Chris Lawson is an Australian doctor and science fiction writer. He was born in Melbourne in 1966 and spent six years of his youth in Papua New Guinea before its independence. He grew up in Melbourne and now lives on the Sunshine Coast where he practises family medicine and teaches at the University of Queensland. His short stories have appeared in international anthologies. Chris blogs at Talking Squid.
Why do you blog? > I don't really know.
What has been your best blogging experience? > The feedback, discovering that despite all indications to the contrary there is a large community of people devoted to understanding the world rationally and changing it for the better.
What has been your worst blogging experience? > The feedback, discovering that there is another large community of people who have a visceral hatred of understanding the world rationally and don't mind spitting bile.
What would be your main blogging advice to a novice blogger? > Contrary to common advice, you don't have to post every day. It's more important to post when you have something to say than to maintain a schedule.
Who are your intellectual heroes? > Richard Feynman, Niels Bohr, Albert Camus, Charles Darwin, Galileo.
What are you reading at the moment? > Roald Dahl's Boy.
Who are your cultural heroes? > Mikhail Gorbachev, Andrei Sakharov, George Orwell, The White Rose movement, the International Red Cross.
What is the best novel you've ever read? > This is an impossible question! If I have to choose, then Keith Roberts's Pavane. I'd give a different answer tomorrow.
Can you name a major moral, political or intellectual issue on which you've ever changed your mind? > I used to be fairly anti-feminist during the 80s and early 90s when the movement was dominated by postmodernism and anti-autonomous arguments (like the feminist opposition to IVF because the feminists knew what women were supposed to want more than the women themselves did) and even young educated women were distancing themselves from the label. Now that there has been a resurgence of violent gynophobia around the world and feminism has swung away from the Butlers and Dworkinses, I've changed my mind.
What philosophical thesis do you think it most important to disseminate? > Secular humanism (which unfortunately gets wrapped up with atheism in most discussions; I am an atheist but I don't think atheism is essential to a healthy society whereas I do think secular humanism is).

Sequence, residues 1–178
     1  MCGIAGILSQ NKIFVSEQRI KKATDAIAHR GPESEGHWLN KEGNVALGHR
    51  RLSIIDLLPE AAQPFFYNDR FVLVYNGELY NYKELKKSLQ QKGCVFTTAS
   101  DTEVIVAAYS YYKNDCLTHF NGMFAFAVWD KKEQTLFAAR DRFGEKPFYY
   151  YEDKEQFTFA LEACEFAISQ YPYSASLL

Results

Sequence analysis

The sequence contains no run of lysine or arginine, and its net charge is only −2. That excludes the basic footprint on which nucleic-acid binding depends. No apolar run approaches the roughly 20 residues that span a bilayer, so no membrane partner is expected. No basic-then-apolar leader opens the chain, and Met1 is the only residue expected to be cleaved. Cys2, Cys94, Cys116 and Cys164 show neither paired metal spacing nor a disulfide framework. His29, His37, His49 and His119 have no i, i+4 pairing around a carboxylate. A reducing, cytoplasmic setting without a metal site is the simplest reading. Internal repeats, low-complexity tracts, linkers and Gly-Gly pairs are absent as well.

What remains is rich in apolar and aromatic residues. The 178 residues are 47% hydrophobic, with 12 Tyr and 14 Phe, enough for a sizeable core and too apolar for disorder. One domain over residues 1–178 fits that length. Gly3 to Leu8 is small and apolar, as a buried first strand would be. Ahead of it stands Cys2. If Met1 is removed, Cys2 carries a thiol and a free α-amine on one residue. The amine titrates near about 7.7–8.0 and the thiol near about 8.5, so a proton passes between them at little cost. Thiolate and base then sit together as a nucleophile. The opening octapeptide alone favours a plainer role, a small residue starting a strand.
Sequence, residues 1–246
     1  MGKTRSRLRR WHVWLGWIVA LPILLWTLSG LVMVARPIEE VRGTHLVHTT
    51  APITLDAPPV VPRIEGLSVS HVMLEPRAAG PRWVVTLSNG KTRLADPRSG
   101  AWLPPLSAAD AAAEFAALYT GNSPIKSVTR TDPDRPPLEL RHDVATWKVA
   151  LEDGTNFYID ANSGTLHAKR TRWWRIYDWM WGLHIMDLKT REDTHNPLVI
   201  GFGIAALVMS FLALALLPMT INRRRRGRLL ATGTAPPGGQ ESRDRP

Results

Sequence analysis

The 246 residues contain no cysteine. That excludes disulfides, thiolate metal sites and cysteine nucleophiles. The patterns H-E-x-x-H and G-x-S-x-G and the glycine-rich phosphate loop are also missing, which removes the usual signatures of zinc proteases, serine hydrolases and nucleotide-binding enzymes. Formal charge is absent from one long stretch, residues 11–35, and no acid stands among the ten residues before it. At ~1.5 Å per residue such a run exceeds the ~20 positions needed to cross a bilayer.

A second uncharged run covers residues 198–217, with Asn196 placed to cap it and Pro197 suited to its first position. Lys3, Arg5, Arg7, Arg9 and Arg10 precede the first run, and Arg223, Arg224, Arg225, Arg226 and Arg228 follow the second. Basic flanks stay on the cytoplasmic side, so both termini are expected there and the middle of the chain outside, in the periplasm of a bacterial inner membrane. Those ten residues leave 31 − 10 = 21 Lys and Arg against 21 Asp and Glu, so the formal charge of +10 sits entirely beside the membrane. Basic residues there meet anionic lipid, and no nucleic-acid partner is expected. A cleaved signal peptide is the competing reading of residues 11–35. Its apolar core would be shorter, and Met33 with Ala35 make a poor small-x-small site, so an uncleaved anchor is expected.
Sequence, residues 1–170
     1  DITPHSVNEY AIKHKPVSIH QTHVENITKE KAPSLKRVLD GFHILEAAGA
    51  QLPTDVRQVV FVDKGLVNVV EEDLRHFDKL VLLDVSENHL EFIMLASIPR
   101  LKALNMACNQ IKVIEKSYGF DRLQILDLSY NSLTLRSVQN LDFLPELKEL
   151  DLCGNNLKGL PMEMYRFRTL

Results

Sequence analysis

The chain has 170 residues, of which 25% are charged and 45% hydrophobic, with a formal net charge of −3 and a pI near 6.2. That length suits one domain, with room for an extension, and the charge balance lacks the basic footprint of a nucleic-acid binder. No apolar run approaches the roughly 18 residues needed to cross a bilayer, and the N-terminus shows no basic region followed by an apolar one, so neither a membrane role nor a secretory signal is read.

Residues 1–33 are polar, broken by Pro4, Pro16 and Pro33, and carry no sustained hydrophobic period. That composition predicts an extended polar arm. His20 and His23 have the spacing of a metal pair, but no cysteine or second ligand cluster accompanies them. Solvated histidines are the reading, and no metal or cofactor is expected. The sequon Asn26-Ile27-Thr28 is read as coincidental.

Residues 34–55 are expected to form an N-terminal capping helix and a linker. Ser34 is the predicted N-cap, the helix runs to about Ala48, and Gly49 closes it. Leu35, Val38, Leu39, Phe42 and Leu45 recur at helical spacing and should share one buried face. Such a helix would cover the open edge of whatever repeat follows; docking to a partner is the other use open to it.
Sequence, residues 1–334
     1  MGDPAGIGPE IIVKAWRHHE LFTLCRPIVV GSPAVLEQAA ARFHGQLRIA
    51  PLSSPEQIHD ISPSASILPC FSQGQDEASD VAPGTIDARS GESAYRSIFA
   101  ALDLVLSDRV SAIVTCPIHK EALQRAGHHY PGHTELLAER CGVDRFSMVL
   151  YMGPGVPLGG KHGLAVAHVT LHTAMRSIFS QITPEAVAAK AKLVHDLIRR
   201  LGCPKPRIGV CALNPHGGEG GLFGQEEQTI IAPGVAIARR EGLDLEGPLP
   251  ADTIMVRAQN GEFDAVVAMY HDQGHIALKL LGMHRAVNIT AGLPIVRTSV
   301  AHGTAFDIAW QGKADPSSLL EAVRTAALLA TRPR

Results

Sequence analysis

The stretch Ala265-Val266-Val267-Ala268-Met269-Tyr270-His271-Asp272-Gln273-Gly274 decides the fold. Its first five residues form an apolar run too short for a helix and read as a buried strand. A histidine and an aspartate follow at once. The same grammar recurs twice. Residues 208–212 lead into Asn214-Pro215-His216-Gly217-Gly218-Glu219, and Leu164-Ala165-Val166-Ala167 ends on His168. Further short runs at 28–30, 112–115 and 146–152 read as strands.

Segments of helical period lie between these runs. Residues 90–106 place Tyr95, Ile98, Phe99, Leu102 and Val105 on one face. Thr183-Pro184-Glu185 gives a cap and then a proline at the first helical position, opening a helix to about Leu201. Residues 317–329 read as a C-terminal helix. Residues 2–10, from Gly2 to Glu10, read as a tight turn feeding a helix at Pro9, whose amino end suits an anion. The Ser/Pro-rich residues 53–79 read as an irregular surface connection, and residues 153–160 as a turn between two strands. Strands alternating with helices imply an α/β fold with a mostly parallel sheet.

What philosophical thesis do you think it most important to combat? > Ten years ago I would have said postmodern anti-rationalism, but that's dying on the vine. Now I'd say ideological, especially authoritarian religious, anti-rationalism.
Can you name a work of non-fiction which has had a major and lasting influence on how you think about the world? > Robert Heilbroner's The Worldy Philosophers, a book about the lives and works of the major economists that I never thought I would enjoy, but my father insisted I read it and I'm glad he did. What I learned from it is that most of the economic and political ideologies in common circulation are pale shadows of the works that inspired them, often distorted to the point of opposition. We expect books to be twisted by their opponents, but it's just as bad among their proponents. Karl Marx is misrepresented by many on the left; Adam Smith is misrepresented by many on the right.
What would you do with the UN? > Keep a presence there for the sake of communication and create a Union of Liberal Democracies to further our common interests.
Do you think the world (human civilization) has already passed its best point, or is that yet to come? > I think the best is yet to come, but I wish I could be more certain of it.
Do you think you could ever be married to, or in a long-term relationship with, someone with radically different political views from your own? > I have a number of very close friendships with people who have radically different political views, but I don't think I could live with it in a marriage.
What do you consider the most important personal quality? > Compassion (and not the fake compassion of 'hate the sin, love the sinner, (now whisper) but punish 'em anyway').
What personal fault do you most dislike? > Obstinate refusal to face facts in combination with insistence on getting one's own way.
In what circumstances would you be willing to lie? > Lie? Me?
Do you have any prejudices you're willing to acknowledge? > Rugby league players.
What commonly enjoyed activities do you regard as a waste of time? > Recreational fishing.
What, if anything, do you worry about? > Fundamentalists gaining access to weapons of mass destruction.
What would you call your autobiography? > The Old Self-Destruct Button.
Where would you most like to live (other than where you do)? > The Big Sur, California.
What would your ideal holiday be? > Fossil hunting in Antarctica.
Who is your favourite comedian or humorist? > It's a toss-up between Monty Python, Douglas Adams and Jack Benny.
Who are your sporting heroes? > Heather Mackay, Peter Landy, Allan Border.
What teams do you support? > The Carlton Football Club in Australian Rules and the Aussie cricket team.
How, if at all, would you change your life were you suddenly to win or inherit an enormously large sum of money? > I'd live on a large forested property and pay someone else to take care of my ever-creeping administrative rubbish.
If you could have any three guests, past or present, to dinner who would they be? > Actually, I've discovered that dining with people you admire can lead to sudden, irreversible disenchantment. So I'd time-snatch Hitler from 1930, Stalin from 1924, and Pol Pot from 1963 and serve cyanide roulades for the appetizer.
[The normblog profile is a weekly Friday morning feature. A list of all the profiles to date, and the links to them, can be found here.]